Sparklers are a hit with kids. But reaching temperatures of 3000-degrees Fahrenheit they send hundreds of kids to the ER each year. (Photo: Getty Images)
Sparklers light up the night as a Fourth of July tradition. Especially for little ones.
They’re easy to hold, less scary sounding than the bigger fireworks and a way to join in on the fun.
Yet burningat up to 2,000 degrees , sparklers are a leading cause for sending very young children to the emergency room each year.
Doctors treated 500 people for injuries in 2018 and 54 percent of them were ages 5 and younger, reported the U.S. Consumer Product Safety Commission.
For this reason, the CPSC urges parents “never allow young children to play with or ignite fireworks, including sparklers.”
But if parents are lighting fireworks or sparklers, the safety organization offers these tips:
- Never place any part of your body directly over a fireworks device when lighting.
- Never point or throw fireworks at another or occupied area.
- Keep a bucket of water or a garden hose handy in case of fire.
- Never try to relight or handle a malfunctioning firework.
- Soak sparklers in water and throw them away.
- After fireworks complete burning, douse in a bucket of water or hose to prevent a trash fire.
Fun, kid-friendly alternatives to sparklers
Kids don’t have to miss out. Here are some other ways to bring sight and sound to the Independence Day celebration.
Bamboo sparklers: Unlike metal sparklers, bamboo handles don’t reach the same high temperatures for added safety.
Glow sticks: They provide the light and go on all night. Get them in festive red, white and blue colors.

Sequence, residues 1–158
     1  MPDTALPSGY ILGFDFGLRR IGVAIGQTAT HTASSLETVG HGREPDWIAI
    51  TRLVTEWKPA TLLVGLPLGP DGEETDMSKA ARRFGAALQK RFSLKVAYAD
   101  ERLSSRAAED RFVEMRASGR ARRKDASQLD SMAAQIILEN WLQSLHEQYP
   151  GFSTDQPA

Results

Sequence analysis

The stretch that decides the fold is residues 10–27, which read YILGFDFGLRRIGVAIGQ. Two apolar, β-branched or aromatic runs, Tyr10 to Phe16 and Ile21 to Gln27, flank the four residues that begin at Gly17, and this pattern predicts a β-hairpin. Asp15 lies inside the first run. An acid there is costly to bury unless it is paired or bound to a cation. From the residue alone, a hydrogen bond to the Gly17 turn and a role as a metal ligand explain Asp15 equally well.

Party Poppers: Bring some pop into the night with a pack of party confetti poppers.
Bubbles: Kids can’t resist blowing and chasing bubbles. The best part is the easy clean up.
Glow sticks are a safe alternative to sparklers on July 4th. (Photo: Getty Images)
Fireworks send many to the ER
The CPSC reminds everyone that there were at least five deaths related to fireworks last year, and the safety organization hasn’t yet completed its review. Staff reports 121 fireworks-related deaths between 2003 and 2018, the organization said.
Other fireworks-related ER visits late year included:
- 200 cases because of bottle rocket injuries.
- 44% of the ER staff treated burn injuries.
- 1,000 cases associated with firecrackers. Of these, an estimated 33% were associated with small firecrackers, an estimated 13% with illegal firecrackers, and an estimated 54% had no specific information.
- 28% were for hands and finger injuries.
- 24% were for leg injuries.
- 19% were for eye injuries.
- 15% were for head, face and ear injuries.
- 4% were for arm injuries.
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